The Importance of Being Earnest… or Jovial

Once, when my child died in pregnancy, a loving relative told me that it was “all for the best.  There was probably something wrong.”  Erroneously timed, clichéd and facile, it was a mistake.  Don’t repeat it.  Grieve alongside the sorrowful or just “be” in their presence.  That will provide all the comfort needed.

A child, a new life, always brings hope.  The loss of hope should never be categorised as anything other than gut-wrenchingly explosive, joy-drainingly horrifying or personally cataclysmic.

Life without hope is unendurable.

We must find hope every day – albeit in the tiniest and most unusual of ways and places – the hope of a kind word or the smile of even a stranger.  (An elderly lady, a few years ago, thanked me for a “Good Morning”, tossed lightly, as we passed on the road.  Should a greeting ever be so rare that it becomes a privilege?)  The hope that, today, we will get a seat on the bus, satisfy our boss, please our partner.  The hope that today will be bolder, brighter, better – or rather, that we will be so.  The hope that if not today, then tomorrow…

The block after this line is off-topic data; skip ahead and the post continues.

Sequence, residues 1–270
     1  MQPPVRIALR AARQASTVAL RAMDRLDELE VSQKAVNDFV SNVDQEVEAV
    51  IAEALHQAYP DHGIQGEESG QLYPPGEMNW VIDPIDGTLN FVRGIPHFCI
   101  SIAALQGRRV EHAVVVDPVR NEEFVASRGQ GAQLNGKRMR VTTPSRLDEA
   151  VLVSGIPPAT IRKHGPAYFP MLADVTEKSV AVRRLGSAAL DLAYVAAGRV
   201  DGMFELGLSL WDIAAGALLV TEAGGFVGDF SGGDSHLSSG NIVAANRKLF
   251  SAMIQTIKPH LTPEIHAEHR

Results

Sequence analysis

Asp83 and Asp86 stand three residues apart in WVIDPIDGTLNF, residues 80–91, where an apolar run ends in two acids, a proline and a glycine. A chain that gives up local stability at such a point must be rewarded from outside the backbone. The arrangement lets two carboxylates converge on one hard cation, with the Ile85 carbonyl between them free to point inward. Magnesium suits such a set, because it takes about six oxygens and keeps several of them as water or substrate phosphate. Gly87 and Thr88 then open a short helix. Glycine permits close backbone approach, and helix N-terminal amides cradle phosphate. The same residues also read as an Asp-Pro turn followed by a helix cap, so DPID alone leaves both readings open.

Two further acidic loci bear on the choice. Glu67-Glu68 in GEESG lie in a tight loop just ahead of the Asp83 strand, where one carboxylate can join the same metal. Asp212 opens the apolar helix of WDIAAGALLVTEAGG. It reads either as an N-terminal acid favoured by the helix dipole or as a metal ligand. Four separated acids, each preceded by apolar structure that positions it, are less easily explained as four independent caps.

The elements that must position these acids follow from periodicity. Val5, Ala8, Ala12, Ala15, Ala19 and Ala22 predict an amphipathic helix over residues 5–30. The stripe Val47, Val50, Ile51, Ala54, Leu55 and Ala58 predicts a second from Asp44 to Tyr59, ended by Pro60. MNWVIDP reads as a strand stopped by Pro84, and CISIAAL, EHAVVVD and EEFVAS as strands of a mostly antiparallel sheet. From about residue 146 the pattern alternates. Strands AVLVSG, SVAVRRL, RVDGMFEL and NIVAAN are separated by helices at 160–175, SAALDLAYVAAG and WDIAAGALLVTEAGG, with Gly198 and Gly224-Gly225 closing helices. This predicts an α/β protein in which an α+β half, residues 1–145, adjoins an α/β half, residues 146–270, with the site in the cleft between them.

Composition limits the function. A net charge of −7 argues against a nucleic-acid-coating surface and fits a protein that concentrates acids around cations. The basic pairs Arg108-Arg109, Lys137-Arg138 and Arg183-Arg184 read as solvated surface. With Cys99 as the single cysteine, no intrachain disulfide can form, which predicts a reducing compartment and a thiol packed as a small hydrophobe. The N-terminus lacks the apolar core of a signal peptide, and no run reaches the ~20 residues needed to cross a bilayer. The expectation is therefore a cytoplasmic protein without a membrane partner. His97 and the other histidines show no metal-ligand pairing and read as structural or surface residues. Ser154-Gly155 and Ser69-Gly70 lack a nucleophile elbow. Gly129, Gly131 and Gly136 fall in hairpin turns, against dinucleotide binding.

Hold onto hope, with both hands and arms grabbing and rigidly locking around it.  Don’t let go of hope in the simple, the tiny and the good – no matter what happens, no matter who happens.

Don’t be a clone, a robot or a sheep.  Live positively, live individually, live well.

I wanted to walk through a dense, low hedge and scale a fence (also vertically challenged!) to exit a car park, a few days ago.  My companion – far younger – forbade me and the moment passed.  I had managed, earlier, to sing along and dance to ‘80s music blaring vaguely in a toy shop.  An assistant and I shared the humour of the moment and quietly brightened each other’s day.

Harmless eccentricity – all of it – should be encouraged and celebrated.  Be who you are.  Care to be different; dare to be unique.

Bearing in mind the adages, “The hand that rocks the cradle rules the world” and “Revenge is a dish best served cold”, Prince William’s decision to propel his late mother’s memory into the limelight – for all time – via that ring and that photographer, should be a lesson for us all.  Of course, the combined cheering of mothers and first wives, everywhere, sounds almost akin to a suffragette rally!

See what I mean about hope?

Have an eventful, jovial and successful 2011.